Concerto Barocco/Take Five/Twilight

Birmingham Royal Ballet
York Theatre Royal

Production photo

The Birmingham Royal Ballet's three part show starts with a more traditional piece, eight dancers gracing the stage in white and variously dancing in duets, or splitting the group in half. One ballerina joins them and finally another single dancer with her male partner forms the complete cast. The dancers work to echo the music in weaving in and out of each other, dancing so close to each other that they variously become one larger body. Among this it is Lei Zhao that stands out for her exquisite perfection and effortless fluidity, whilst supporting Natasha Oughtred's lead.

In the second part comes Twilight in which Jenna Roberts and Jamie Bond dance to John Cage's The Perilous Night (1944). The stage opens to a twilight sky line, in which a man and woman dance out their relationship. This is a dance of dramatic sexual politics and the pair compete, spark and challenge each other with their 'prepared piano' led dance. The 'prepared piano' is effectively a percussion instrument and leads the dancers to almost beat their fizzing relationship out in the dance. When Roberts removes her shoes, the gloves are off, as it were, and the competition becomes ever more demanding. With her deft shoulder shrug towards the end she raises a laugh from the audience, and carries on, with the curtain coming down on the dancers in their original starting positions, repeating the moves. The dance goes on.

Finally the company joyously present Take Five. This is fabulously set off by Peter Mumford's striking lighting, giving the dancers a chequered floor of light to swing in and out of. They dance to The Dave Brubeck Quartet's famous jazz, including 'Three to Get Ready', 'Blue Rondo a la Turk' and 'Take Five', fantastically played by the Royal Ballet Sinfonia (in the North/East) quartet. What becomes so enjoyable about watching this is the obvious pleasure on the dancers' faces as they perform this piece, and sends the audience out on an absolute high. 'Four Square' stands out especially as four male dancers clap in time to the beat and playfully take up the rhythm while their fellow performers leap and twirl, until they are all united in the beat again. Mathias Dingman performs solo in 'Flying Solo', and dominates the stage alone with ease.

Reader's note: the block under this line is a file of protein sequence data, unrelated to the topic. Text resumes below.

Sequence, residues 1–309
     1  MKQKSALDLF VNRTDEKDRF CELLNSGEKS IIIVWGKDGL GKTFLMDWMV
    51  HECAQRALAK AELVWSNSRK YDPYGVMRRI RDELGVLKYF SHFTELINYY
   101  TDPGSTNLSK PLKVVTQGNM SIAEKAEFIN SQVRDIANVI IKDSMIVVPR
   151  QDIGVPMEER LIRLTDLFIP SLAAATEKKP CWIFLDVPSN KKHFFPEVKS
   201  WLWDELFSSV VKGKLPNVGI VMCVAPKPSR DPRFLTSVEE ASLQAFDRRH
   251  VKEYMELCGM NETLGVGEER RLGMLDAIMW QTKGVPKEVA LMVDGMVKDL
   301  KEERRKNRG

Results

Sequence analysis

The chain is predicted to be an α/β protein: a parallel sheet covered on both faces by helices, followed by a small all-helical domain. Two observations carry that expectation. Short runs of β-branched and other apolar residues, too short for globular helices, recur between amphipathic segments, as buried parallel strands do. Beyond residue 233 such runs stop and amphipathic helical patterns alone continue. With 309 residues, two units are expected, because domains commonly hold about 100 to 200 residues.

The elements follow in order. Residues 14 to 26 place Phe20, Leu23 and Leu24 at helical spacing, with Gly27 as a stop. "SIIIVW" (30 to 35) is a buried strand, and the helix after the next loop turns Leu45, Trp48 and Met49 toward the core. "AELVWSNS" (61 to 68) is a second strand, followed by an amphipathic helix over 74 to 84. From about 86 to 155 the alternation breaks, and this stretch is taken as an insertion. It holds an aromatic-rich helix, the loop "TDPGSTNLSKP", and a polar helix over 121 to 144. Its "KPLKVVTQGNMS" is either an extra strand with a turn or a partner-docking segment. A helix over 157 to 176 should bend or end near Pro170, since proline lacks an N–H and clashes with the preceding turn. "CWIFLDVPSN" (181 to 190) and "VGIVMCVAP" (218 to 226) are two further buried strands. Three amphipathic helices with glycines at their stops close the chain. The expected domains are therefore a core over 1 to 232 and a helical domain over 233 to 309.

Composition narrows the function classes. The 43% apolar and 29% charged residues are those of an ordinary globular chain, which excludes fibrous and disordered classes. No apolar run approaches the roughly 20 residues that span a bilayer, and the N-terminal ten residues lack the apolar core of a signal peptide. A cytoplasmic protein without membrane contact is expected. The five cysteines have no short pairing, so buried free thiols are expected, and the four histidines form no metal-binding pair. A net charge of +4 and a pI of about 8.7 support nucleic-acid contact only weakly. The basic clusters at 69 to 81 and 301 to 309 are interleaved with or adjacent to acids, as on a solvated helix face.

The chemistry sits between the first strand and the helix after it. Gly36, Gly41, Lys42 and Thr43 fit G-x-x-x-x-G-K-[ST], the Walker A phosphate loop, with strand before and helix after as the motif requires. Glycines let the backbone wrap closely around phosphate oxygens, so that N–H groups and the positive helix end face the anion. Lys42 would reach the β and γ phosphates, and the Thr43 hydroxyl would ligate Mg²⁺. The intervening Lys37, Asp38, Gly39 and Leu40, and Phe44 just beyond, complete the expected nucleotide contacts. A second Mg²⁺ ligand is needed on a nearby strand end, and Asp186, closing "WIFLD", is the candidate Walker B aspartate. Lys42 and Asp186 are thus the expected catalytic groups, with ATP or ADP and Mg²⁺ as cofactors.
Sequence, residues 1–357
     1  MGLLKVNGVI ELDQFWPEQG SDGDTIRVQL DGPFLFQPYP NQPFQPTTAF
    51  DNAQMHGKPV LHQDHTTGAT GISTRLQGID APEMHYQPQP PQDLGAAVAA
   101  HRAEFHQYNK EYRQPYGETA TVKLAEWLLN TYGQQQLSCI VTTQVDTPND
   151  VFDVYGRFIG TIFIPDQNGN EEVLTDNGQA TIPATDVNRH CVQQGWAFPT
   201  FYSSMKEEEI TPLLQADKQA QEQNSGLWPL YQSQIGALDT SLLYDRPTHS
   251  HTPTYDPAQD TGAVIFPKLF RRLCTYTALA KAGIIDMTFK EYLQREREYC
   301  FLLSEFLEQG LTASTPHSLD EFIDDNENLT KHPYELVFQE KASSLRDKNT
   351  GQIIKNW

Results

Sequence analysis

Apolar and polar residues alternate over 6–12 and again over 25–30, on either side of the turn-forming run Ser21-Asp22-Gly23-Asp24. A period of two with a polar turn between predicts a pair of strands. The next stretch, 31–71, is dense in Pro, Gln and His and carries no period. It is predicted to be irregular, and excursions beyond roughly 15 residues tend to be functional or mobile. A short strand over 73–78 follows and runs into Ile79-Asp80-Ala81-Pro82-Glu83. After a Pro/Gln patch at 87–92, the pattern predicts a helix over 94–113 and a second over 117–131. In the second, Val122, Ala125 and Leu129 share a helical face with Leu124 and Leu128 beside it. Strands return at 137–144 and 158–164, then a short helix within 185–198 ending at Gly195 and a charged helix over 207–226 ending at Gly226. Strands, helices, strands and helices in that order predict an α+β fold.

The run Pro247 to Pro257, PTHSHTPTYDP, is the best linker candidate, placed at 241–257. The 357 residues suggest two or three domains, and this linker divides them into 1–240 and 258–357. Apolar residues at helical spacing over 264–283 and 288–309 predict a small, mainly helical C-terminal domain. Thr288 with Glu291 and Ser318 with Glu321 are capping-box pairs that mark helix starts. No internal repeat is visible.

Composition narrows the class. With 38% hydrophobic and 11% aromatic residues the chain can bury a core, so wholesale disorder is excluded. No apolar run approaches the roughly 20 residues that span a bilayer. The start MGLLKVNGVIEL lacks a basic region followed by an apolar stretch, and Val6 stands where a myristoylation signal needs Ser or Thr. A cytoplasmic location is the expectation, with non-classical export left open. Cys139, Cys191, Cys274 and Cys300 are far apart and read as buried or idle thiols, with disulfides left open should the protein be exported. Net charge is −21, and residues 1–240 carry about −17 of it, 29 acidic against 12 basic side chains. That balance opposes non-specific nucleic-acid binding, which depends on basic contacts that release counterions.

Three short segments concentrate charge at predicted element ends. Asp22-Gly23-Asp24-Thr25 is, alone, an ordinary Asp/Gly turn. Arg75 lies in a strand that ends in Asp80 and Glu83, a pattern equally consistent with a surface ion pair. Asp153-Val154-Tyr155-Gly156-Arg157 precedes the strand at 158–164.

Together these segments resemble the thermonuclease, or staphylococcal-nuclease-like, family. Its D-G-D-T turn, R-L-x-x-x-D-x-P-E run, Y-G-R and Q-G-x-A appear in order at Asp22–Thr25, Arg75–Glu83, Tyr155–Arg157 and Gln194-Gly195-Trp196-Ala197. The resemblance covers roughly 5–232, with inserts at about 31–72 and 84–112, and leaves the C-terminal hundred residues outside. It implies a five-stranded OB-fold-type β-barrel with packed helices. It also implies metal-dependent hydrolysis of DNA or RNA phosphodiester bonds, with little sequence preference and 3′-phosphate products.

Birmingham Royal Ballet will prove a hard act to follow in York Theatre Royal's exciting, changing programme which is currently taking over the main stage.

Reviewer: Cecily Boys

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